ydata but not the
This fit minimizes the root-mean-square error in
y as a function of
error is defined as the square root of the mean of the squares of the differences between the
y values of the data and the values predicted by the fit for the
values (i.e. it is the square root of the mean of the squares of the vertical distances between
the data points and the best fit line). For this fit, this error is a fraction
R*R) of the population standard deviation of
R is the Pearson's
correlation coefficient (as given by
The corresponding root-mean-square error in
x as a function of
y is a
sqrt(1/(R*R) - 1) of the population standard deviation of
x. This fit
does not normally minimize that error: to do that, you should swap the roles of
IllegalStateException- if the dataset is empty or contains a single pair of values, or both the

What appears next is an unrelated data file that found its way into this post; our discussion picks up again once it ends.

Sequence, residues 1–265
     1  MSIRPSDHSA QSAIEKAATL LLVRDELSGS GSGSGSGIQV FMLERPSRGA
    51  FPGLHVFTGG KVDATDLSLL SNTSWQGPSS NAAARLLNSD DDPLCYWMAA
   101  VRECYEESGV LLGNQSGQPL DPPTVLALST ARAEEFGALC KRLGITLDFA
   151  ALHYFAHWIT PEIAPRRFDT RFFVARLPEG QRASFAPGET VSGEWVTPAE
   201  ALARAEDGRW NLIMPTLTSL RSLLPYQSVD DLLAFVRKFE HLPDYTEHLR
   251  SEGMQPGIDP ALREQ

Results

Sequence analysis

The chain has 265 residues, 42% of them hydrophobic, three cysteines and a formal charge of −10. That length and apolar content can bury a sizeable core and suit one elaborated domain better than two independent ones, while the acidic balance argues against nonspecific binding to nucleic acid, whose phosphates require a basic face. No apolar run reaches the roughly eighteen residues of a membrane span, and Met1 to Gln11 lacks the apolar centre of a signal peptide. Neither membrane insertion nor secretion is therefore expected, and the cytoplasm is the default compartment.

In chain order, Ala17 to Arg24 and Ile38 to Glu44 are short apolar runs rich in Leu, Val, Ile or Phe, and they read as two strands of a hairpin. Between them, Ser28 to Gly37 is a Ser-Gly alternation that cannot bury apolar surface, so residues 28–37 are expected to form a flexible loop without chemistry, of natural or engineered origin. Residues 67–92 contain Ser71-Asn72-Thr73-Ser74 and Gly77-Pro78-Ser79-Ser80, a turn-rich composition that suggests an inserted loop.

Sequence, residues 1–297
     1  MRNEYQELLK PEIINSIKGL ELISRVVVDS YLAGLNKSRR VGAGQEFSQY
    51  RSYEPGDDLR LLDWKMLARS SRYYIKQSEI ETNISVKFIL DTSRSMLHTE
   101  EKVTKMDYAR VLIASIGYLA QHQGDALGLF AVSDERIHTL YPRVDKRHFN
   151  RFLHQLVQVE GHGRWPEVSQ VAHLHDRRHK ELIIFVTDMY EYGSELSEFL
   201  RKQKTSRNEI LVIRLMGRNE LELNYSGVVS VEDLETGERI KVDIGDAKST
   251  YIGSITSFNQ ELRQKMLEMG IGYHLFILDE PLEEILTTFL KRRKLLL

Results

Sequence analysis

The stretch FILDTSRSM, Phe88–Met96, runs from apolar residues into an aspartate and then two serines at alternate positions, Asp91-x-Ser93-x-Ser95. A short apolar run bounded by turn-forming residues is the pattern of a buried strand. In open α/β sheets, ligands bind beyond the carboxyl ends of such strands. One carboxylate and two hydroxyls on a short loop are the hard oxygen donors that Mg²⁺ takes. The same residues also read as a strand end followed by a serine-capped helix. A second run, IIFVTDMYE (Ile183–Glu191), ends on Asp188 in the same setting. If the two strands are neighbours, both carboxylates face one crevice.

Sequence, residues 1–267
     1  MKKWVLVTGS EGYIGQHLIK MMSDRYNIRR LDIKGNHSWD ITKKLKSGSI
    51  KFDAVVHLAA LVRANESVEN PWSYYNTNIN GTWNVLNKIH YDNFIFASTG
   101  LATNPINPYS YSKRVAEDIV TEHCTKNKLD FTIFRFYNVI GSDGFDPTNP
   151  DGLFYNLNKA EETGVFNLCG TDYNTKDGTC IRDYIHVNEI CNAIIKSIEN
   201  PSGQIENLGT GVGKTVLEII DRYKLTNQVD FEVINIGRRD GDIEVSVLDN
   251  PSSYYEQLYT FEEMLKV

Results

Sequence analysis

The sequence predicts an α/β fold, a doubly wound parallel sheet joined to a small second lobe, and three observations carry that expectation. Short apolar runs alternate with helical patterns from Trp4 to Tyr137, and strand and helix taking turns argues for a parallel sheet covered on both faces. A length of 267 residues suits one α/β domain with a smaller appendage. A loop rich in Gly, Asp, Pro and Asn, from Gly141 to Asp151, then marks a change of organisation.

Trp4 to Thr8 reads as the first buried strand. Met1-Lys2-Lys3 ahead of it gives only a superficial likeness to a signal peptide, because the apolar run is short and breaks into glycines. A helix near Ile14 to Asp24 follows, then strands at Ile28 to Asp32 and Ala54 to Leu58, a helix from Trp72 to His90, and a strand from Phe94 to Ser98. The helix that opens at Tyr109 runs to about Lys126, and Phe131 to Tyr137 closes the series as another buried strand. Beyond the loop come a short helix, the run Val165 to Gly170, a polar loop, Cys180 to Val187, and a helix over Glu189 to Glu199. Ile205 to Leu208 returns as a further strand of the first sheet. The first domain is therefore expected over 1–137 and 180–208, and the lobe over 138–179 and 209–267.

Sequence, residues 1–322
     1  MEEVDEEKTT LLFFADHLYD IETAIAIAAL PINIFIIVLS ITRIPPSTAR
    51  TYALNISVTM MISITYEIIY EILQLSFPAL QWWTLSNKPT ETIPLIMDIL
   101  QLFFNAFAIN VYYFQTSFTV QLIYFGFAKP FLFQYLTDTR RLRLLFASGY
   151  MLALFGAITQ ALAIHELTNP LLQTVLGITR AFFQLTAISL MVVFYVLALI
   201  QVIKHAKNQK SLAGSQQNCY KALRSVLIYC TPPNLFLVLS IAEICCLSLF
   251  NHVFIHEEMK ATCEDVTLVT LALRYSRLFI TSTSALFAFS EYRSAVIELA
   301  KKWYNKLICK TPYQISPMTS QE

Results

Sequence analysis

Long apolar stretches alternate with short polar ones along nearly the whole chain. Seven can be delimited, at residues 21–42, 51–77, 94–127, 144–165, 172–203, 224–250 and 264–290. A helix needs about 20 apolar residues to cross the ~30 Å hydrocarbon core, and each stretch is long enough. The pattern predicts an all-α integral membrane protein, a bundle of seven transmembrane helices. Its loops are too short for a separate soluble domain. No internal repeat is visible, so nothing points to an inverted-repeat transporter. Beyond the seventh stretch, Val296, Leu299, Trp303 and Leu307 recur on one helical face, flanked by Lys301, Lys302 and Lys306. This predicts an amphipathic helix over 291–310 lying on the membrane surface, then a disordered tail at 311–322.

ydataset must have zero population variance
public boolean equals(@NullableDecl Object obj)
equals method implements an equivalence relation
on non-null object references:
trueif and only if
y, multiple invocations of
trueor consistently return
false, provided no information used in
equalscomparisons on the objects is modified.
equals method for class
the most discriminating possible equivalence relation on objects;
that is, for any non-null reference values
y, this method returns
true if and only
y refer to the same object
x == y has the value
Note that it is generally necessary to override the
method whenever this method is overridden, so as to maintain the
general contract for the
hashCode method, which states
that equal objects must have equal hash codes.
Note: This tests exact equality of the calculated statistics, including the floating
point values. Two instances are guaranteed to be considered equal if one is copied from the
second = new PairedStatsAccumulator().addAll(first).snapshot(), if both
were obtained by calling
snapshot() on the same
adding any values in between the two calls, or if one is obtained from the other after
round-tripping through java serialization. However, floating point rounding errors mean that it
may be false for some instances where the statistics are mathematically equal, including